Policemen involved in original 2004 investigation into Marco Pantani's death threaten to sue if anyone discredits their work
The Marco Pantani investigation in Italy’s east coast seaside town of Rimini has hit several obstacles as Christmas nears. Policemen involved in the original 2004 case, when the 1998 Giro d’Italia and Tour de France champion died, announced they will sue those who discredit their work. A court expert’s investigation has also turned up nothing to support the theory that Pantani was murdered.
Lawyer for Pantani’s parents, Antonio De Rensis pushed for an inquiry to be opened in July based on his work that says Pantani was murdered rather than dying of a self-administered cocaine overdose on February 14, as originally ruled.
De Rensis said that Pantani let men into his Le Rose hotel room on February 14. The men hit him and forced him to drink water diluted with lethal amounts of cocaine. He added that the police investigated Room D5 poorly and did not examine a water bottle left behind.
De Rensis’s murder theory, however, has hit a roadblock. Professor Franco Tagliaro, according to La Gazzetta dello Sport‘s website, sent Rimini Chief Prosecutor Paolo Gengarelli his early findings in an email: no aggression. The superficial wounds do not correspond to struggle or fight, but perhaps the trip and fall of a small, five-foot-six former cyclist high on cocaine.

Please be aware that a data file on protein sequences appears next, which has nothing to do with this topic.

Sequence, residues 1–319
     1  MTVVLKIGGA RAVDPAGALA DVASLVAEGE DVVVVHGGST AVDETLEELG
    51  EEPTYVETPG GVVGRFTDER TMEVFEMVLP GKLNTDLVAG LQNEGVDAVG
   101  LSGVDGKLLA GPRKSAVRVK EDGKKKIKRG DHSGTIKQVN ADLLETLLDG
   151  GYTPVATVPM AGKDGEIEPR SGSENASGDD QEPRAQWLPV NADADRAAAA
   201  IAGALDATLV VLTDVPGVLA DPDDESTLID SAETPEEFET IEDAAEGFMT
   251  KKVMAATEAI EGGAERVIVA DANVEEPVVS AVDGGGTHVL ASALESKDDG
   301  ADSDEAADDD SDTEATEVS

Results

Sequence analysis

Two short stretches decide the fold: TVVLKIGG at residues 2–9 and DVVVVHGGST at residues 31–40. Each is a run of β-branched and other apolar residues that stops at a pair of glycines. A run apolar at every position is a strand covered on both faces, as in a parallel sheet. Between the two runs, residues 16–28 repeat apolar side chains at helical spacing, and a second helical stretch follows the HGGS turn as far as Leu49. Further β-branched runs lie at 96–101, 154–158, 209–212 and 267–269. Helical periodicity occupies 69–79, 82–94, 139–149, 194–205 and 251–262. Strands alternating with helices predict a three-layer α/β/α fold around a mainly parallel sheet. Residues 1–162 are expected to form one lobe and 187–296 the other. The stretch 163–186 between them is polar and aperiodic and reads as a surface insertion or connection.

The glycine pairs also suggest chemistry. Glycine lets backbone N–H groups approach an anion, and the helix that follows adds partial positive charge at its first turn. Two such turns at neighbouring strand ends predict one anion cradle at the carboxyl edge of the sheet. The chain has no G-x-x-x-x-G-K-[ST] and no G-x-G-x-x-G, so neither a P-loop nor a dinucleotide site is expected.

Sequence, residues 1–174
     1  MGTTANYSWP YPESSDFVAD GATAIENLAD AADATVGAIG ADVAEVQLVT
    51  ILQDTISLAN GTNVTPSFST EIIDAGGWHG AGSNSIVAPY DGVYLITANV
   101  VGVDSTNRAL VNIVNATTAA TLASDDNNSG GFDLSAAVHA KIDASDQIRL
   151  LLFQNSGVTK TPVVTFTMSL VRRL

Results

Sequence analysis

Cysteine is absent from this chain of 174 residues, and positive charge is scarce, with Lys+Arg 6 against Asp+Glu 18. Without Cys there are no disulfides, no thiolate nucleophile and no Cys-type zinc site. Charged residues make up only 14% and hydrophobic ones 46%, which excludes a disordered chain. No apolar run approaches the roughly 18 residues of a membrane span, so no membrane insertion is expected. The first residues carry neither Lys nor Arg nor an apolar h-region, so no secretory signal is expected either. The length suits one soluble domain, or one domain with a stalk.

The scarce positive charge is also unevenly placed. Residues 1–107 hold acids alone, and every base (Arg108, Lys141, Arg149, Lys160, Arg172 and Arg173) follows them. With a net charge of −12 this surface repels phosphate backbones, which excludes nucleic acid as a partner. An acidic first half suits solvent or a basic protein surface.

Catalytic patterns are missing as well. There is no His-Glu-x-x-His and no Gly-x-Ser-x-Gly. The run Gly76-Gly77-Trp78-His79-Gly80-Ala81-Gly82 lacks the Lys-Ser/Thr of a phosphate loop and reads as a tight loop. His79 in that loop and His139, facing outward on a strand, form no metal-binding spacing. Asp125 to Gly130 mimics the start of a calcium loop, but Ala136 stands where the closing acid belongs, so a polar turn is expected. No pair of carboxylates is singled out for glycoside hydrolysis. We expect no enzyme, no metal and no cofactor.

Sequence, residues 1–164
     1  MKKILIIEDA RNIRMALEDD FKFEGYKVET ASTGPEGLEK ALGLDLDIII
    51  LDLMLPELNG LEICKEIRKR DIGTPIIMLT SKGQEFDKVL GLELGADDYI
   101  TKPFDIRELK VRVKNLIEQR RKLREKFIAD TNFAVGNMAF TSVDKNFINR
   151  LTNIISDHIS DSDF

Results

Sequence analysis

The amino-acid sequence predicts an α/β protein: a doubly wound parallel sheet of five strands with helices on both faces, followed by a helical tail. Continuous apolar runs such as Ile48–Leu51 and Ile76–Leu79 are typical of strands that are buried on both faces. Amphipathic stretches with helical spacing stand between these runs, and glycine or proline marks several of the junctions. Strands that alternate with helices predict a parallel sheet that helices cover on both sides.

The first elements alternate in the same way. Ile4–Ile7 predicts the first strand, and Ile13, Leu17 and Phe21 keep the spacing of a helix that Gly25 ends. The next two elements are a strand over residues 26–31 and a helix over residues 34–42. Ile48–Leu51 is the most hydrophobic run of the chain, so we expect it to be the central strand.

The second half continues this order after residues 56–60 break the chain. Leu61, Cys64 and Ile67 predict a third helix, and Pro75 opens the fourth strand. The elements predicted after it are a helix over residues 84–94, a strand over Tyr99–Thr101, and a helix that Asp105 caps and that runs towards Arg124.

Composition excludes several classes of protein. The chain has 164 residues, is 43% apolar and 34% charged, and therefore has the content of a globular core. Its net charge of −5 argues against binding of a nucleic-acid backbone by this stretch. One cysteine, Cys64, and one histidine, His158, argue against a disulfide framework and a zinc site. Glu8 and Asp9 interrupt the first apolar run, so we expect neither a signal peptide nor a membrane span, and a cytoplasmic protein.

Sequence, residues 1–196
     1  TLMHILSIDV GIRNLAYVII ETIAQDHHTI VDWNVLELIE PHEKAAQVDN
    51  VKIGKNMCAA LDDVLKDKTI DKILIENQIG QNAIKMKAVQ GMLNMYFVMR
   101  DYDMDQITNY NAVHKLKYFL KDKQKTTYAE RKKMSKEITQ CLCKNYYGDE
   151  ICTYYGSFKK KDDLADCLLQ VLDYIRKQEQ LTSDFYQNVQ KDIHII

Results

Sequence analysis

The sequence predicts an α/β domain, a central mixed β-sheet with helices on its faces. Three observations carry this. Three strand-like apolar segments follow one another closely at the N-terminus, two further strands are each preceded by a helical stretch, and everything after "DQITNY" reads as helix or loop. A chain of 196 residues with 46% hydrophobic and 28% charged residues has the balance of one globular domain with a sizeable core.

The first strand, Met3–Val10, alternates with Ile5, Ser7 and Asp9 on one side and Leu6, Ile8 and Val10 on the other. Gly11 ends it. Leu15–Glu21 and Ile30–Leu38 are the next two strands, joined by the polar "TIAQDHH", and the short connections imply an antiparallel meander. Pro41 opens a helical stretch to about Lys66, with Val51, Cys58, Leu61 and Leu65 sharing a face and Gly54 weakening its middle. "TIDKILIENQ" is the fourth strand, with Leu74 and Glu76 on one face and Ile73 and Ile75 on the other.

Tagliaro’s work corresponds with the results from the original 2004 examination by Professor Giuseppe Fortuni. Pantani, who overdosed on cocaine four times before in 2003, killed himself by taking too much of the drug.
Tagliaro has 40 more days to complete his work, which will take the new inquiry beyond Christmas and into 2015.
Rumours that the case would require the exhumation of Pantani’s body appear to be just rumours and nothing more. Body tissue parts mounted on slides or in paraffin blocks no longer exist because 10 years have passed without a request to conserve the samples, but Tagliaro is able to perform his work using copies of related material.
De Rensis presented a video recorded during the crime scene investigation on Tuesday. He reportedly argued that the police on the scene were clumsy and missed key details, like the water bottle.
The theories and different stories making their way around Italy in the winter months, however, are too much for some. Five investigating police officers who worked on the scene in 2004 asked their lawyers to sue those discrediting their work.
“It does not seem possible to remain silent and especially to continue to tolerate a media lynching,” their lawyers, Moreno Maresi and Mattia Lanciani told the Quotidiano Net website.
“It has assumed unacceptable proportions that seem fuelled by a reconstruction of the facts, often misrepresented.”
While the possible murder theory case appears to be unravelling, a separate inquiry opened in nearby Forlì is examining if the Mafia played a role in Pantani’s failed anti-doping test and expulsion from the 1999 Giro d’Italia while in the race leader’s pink jersey.